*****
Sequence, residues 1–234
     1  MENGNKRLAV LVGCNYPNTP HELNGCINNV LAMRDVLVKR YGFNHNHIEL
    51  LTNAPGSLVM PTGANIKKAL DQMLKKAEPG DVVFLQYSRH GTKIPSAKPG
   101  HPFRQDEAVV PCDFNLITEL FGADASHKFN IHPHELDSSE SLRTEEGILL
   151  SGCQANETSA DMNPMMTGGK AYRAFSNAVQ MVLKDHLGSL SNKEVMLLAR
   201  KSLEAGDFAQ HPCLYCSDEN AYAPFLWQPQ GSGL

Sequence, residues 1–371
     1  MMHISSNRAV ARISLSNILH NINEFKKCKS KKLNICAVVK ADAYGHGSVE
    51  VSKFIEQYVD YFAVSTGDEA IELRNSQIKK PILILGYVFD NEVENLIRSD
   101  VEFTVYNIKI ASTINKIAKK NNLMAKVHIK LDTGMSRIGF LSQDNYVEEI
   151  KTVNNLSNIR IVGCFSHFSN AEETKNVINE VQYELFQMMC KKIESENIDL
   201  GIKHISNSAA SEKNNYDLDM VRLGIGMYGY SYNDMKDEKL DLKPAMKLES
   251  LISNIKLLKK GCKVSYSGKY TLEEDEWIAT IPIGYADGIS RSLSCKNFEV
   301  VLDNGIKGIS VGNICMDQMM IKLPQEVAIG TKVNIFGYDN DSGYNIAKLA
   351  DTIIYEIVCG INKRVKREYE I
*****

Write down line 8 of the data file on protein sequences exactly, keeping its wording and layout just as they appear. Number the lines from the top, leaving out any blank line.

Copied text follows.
     1  MMHISSNRAV ARISLSNILH NINEFKKCKS KKLNICAVVK ADAYGHGSVE